e get back to Salt Lake where we go our different ways. I am once again en route to seek medical attention. I call Dayna to inform her of what is going on but she is a couple hours away with her work but is getting to me as fast as possible. I call my dad and he is en route to meet me. I am really scared. It hurts to touch the steering while. When I get to the parking lot I crawl out of my car. The pain has sapped all my strength. I very slowly limp in the front door. I am not kidding, an old woman with a walker passes me. I am so screwed. Once in I am rushed back to an examine room. My dad arrives and is pretty shocked by what he sees. The doctor informs me the “latent drug reaction” has really taken hold of my body and I am basically screwed. My earlier liver test results are in and it shows I have elevated liver enzyme levels meaning my body has been waging a war for awhile. The damage is not suspected to be permanent, but I will need further testing to ensure they do come down. In a later phone discussion I am informed it is lucky I quit the drug when I did, otherwise it could have been fatal. I walk out with a prescription for triple the dose of Prednizone steroids. The idea is that the steroid will suppress my immune system and keep my body from fighting off the lamisil so hard. That way the toxic drug can exit my system without my body going all suicide-bomber on itself. That is at least the idea. And if I can avoid a micro conquest or jihad taking place with my own flesh and blood … well, sign me up. My dad carefully helps me into the car and he make sure I take my first super massive dose of roids. Dayna is on the other side when I get home and all 110 pounds of her carries me into the house and deposits me in bed where I will stay for two nights and a day. I am a bawling mess, I don’t have the strength to lift myself up. I am scared and angry… she takes care of me. I am a blubbering mess … she takes care of me. I try to fight my way to an upright position … she takes care of me. I become a total angry asshole about the whole situation …. she goes and studies. On Thursday I have gained a ton of strength back. The doctor had given me the ok to travel. I have the weekend off for vacation so we opt to hit the road and join my family at our cabin near Pinedale, Wyoming. But after a nice day of traveling and enjoying what seems to be my health returning we are nailed by the effects of the mega-dose of prednizone. My whole body begins to swell again. I am swelling so bad I can’t bend my fingers. My face swells all weird and my fingers are turning blue because all the circulation is being cut off. My joints are filled with so much fluid I can’t bend any of them. I have been in serious car accidents and have been partially ejected in the past. The only way I can equate what is going is to describe it as like being in a rollover car accident and ejected out the windshield straight into a meat grinder. It is literally as if any time I try to move my muscles are being torn apart for the inside. My dad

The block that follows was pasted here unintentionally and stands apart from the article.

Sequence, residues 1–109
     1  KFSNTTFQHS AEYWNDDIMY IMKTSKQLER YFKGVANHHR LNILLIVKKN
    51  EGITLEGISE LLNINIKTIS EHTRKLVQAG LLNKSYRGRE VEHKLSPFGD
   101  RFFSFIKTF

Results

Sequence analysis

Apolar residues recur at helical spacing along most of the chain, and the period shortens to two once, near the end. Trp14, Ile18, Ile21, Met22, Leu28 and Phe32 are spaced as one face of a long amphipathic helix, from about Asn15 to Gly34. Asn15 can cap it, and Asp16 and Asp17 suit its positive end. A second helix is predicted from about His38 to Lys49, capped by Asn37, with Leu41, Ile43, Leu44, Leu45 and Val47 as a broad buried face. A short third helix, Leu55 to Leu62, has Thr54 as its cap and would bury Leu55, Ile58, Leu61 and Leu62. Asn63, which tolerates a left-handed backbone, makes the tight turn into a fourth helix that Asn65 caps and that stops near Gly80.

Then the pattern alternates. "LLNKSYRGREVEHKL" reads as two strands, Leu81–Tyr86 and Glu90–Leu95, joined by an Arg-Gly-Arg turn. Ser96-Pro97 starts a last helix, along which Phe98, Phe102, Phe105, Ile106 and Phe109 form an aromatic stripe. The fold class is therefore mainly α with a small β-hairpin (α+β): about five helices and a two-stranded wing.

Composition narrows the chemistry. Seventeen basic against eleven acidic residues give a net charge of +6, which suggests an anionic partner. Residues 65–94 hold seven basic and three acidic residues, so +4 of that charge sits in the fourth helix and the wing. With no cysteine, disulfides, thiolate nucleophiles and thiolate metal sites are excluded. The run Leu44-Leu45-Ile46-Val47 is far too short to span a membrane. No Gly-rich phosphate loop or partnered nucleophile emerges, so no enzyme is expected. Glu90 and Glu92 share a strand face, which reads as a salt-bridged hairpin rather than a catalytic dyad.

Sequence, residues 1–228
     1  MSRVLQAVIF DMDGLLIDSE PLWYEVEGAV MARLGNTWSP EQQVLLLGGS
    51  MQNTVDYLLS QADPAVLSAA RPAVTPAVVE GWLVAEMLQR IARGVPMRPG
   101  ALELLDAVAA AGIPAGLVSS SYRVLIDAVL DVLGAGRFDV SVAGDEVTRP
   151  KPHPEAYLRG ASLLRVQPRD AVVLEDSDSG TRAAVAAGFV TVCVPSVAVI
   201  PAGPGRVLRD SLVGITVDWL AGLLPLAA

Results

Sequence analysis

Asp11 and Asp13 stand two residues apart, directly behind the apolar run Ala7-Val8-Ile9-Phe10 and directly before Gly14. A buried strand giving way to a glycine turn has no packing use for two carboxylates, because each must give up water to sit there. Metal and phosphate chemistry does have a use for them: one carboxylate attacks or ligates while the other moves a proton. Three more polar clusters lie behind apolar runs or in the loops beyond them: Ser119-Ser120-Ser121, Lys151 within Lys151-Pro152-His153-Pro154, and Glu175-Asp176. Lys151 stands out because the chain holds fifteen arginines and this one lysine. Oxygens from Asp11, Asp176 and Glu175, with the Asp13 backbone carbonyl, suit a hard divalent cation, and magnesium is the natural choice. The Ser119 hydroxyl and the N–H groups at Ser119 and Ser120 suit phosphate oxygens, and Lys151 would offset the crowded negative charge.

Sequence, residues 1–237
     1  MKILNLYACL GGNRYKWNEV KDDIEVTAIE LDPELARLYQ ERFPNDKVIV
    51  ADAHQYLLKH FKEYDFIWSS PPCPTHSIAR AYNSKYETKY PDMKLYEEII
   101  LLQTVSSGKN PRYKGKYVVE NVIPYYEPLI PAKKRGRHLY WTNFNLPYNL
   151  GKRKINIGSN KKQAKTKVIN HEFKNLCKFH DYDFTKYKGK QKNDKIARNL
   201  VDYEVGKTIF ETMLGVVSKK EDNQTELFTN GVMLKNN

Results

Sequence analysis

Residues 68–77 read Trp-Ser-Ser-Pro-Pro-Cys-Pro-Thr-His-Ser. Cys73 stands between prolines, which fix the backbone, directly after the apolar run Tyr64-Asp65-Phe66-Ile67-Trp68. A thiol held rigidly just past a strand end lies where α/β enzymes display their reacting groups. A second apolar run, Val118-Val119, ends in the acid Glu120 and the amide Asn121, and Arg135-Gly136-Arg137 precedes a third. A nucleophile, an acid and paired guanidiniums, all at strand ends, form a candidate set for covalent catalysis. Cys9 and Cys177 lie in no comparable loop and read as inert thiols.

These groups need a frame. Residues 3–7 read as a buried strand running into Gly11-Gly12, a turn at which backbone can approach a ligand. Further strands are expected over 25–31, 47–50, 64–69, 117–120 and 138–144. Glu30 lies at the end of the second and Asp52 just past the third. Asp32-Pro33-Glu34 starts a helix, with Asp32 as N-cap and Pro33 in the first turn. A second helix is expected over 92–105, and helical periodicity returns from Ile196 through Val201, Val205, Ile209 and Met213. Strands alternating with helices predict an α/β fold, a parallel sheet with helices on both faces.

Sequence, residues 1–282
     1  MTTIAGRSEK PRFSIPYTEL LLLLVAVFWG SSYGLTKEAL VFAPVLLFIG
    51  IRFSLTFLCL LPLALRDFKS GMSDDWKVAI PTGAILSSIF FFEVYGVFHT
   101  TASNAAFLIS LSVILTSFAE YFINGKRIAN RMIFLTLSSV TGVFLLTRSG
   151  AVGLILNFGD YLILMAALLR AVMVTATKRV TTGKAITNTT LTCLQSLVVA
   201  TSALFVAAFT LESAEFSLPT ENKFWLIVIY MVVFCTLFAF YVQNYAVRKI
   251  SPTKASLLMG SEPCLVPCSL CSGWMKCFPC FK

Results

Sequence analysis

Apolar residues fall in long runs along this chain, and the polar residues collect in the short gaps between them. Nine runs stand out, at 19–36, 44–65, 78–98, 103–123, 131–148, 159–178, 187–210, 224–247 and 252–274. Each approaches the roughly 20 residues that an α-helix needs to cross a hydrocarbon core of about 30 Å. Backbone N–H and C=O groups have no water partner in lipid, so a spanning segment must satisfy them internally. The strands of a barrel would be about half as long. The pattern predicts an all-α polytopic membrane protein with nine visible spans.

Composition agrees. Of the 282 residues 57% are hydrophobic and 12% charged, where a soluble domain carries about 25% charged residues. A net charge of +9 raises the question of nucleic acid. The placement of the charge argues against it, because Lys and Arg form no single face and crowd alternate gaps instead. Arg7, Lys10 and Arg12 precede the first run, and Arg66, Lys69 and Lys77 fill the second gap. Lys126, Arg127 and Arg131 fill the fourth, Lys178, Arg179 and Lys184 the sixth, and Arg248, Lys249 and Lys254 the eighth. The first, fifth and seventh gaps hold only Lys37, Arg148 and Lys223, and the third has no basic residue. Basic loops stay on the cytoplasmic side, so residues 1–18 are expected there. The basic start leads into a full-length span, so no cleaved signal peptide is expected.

So here we are, trying to enjoy a nice weekend away, and I can’t even get out of bed once we are there. I literally have to have her lift me out of bed in the middle of the night just to get to the bathroom. But she does it and never complains. She helps me in and out of the car. At one point I don’t have the strength of a baby and I can’t even lift a can of soda to take a sip. But Dayna is there and she monitors my every move and is always one step ahead of me to ensure I can still try to have a nice weekend. By Friday we determine it is my best interest to get off the Prednizone. It’s one of those situation where it is as if we are using an atomic bomb to repaint a bedroom. The hives will return, but at least I can still go to the bathroom on my own with hives. We manage to still have a nice weekend and even venture to Jackson Hole for a day of some shopping and being tourist. It is now 11 days since the original hives set in. I am going to try to work tomorrow, I am gain some strength back. I have had about 6 hours of decent health and normal walking ability in each of the last couple days. Over all I feel as if I am on the mend, but i definitely feel as if I have been seriously aged by the whole process. But I am thankful for several things. My family has been so supportive through this whole ordeal and has done all they can to make sure I am getting back to health. My employers have cleared me off the schedule when needed. And then there has been Dayna. She has given so much to be there for me. When I have scratched at a hive I can feel the daggers shoot from her eyes telling me stop, and if I still don’t stop, a quick slap swiftly dealt by her usually does the trick. At times I have hated the world for putting me through this and she has been there to fight back my punches in the wind. When I had fallen or found myself without the strength to sit up right or stand, she has been there to wipe away the tears and help me stand. Dayna, Gizmo and Cabin